Mnuchin’s Longer Bonds No Guarantee for Lower Interest Burdenby
Increase in maturity profile may raise interest burden
Treasury should think twice before embracing 50-years bonds
A closer look at the current breakdown of interest payments on U.S. debt should cause President-elect Donald Trump’s Treasury Secretary pick Steven Mnuchin to pause before endorsing the sale of ultra-long bonds as a cushion against rising rates.
At least that’s what Cullen Roche, founder of San Diego, California-based brokerage Orcam Financial Group LLC, says after pointing out that despite the surge in total U.S. debt over the past decade, the government’s annual interest costs have been relatively flat.
And even if interest rates do edge higher, given there is no risk of the U.S. going insolvent, there is minimal risk that it will cause U.S. interest costs to surge, Roche wrote in a recent research note.
Given the yield curve is upward sloping, the Treasury would likely have to pay more to sell 50-year bonds than 30-year securities right off the bat. That would raise, not lower interest expense, by pushing further out on the maturity spectrum, Roche said.
The Treasury has already sharply increased the average maturity of its debt to lock in historic low rates. About 87 percent of its debt matures in 10 years or less, Treasury data shows. Tilt that scale further upward with longer term bonds, Roche stresses, and taxpayers will face higher average interest costs. More bills sales would be the best idea, in Roche’s world.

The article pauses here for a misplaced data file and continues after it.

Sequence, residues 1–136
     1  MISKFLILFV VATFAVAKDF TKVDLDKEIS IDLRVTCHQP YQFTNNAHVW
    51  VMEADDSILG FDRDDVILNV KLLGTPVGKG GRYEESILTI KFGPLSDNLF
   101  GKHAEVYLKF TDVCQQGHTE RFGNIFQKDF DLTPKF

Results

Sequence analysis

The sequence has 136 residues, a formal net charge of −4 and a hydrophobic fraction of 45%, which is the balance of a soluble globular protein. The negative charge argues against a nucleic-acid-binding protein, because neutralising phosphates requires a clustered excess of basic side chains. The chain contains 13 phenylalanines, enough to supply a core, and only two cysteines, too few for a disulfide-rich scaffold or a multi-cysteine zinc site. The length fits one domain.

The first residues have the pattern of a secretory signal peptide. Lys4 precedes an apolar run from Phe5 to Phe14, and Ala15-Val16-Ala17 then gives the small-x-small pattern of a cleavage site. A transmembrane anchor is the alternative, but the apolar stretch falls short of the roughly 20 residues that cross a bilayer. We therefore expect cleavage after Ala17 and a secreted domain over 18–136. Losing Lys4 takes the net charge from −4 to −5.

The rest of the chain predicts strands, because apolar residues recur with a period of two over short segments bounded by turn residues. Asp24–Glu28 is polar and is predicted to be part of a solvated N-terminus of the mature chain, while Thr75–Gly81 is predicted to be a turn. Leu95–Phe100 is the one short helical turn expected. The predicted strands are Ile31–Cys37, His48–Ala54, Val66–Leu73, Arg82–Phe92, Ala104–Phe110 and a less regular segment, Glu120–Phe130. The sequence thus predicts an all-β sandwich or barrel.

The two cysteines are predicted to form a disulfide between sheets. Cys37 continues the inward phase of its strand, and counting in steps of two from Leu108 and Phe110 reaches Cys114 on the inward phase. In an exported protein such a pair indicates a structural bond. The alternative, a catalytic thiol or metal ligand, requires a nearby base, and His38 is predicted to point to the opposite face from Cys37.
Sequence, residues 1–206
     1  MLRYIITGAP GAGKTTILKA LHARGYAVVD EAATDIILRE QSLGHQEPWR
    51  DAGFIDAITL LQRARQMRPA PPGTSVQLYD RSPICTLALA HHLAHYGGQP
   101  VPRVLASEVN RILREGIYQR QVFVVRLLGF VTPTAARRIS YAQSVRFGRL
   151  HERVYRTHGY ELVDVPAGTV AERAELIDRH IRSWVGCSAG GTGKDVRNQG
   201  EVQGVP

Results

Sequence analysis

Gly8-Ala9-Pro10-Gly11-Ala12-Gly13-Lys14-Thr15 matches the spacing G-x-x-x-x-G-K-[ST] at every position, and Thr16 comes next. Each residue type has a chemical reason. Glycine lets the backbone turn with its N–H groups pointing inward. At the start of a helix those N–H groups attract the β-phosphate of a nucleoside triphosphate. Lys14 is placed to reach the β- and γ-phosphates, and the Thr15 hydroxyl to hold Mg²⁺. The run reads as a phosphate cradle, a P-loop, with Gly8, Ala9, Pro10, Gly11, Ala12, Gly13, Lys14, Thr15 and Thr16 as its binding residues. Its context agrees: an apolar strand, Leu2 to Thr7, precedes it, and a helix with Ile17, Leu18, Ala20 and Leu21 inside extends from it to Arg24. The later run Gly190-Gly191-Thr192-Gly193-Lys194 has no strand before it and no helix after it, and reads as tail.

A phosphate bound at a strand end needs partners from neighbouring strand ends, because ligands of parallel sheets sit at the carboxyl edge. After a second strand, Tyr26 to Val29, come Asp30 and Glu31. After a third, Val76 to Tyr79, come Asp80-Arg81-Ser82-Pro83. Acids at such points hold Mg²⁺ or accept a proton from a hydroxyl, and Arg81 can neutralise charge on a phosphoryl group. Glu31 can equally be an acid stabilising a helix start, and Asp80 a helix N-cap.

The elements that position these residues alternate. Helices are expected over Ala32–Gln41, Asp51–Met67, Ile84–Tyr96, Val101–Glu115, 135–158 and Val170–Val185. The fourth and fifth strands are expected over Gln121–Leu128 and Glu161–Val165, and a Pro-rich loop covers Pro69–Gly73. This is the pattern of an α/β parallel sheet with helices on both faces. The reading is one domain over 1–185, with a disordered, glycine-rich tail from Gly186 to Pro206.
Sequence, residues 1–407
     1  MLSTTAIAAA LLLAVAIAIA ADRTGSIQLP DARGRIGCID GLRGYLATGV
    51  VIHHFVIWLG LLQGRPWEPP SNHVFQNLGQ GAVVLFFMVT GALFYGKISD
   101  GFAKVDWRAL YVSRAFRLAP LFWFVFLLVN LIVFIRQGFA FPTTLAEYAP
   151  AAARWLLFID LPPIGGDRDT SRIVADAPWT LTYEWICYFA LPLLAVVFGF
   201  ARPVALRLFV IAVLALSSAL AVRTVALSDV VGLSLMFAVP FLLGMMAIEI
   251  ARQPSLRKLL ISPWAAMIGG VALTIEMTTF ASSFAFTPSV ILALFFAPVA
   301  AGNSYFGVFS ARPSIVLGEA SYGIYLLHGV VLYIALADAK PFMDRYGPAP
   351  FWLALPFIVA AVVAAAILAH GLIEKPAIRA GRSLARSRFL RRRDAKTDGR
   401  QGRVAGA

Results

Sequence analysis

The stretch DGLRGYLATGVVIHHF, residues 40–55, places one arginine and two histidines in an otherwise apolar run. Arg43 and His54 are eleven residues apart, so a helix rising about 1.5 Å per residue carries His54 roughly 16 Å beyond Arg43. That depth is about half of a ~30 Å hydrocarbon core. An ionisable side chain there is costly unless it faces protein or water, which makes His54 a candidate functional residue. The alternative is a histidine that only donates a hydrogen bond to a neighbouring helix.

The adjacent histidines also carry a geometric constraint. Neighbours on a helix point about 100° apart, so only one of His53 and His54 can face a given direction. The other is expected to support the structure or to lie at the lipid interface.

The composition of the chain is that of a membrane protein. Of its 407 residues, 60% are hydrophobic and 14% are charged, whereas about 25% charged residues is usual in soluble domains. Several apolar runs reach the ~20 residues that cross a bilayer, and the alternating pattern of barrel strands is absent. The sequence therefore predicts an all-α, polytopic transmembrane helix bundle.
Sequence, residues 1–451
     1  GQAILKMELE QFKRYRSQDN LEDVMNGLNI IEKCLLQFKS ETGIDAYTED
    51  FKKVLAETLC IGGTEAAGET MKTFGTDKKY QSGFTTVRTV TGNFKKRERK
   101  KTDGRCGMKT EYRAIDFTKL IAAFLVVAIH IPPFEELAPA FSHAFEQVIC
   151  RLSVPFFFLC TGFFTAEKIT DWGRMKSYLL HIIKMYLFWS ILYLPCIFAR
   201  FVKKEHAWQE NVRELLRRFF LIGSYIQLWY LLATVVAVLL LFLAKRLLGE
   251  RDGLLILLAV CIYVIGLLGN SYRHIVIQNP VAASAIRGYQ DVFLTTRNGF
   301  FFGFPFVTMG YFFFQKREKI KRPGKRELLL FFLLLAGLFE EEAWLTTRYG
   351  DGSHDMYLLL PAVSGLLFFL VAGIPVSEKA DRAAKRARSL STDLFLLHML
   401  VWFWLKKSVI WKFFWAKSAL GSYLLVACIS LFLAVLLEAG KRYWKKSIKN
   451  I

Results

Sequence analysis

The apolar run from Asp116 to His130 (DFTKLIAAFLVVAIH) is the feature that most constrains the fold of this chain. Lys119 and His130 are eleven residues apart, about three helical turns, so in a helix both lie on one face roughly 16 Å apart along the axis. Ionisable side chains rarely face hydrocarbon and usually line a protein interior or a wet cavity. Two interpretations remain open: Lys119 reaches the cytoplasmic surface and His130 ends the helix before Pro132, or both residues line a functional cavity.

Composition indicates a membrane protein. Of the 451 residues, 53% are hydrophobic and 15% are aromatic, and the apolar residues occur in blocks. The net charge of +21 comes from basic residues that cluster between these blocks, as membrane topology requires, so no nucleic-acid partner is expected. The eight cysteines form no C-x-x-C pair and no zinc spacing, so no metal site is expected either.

Roche isn’t bothered by those who say he’s missing the mark by not realizing that the Treasury risks a big financing shock down the road if rates do take off, since the government would be rolling over more securities at time when yields are even higher.
“We’ve heard a lot of fear mongering about the scenario where interest rates surge and inflation spirals out of control,” Roche said in a phone interview. “But the USA looks a lot more like Japan in a stagnant growth scenario, with low inflation.”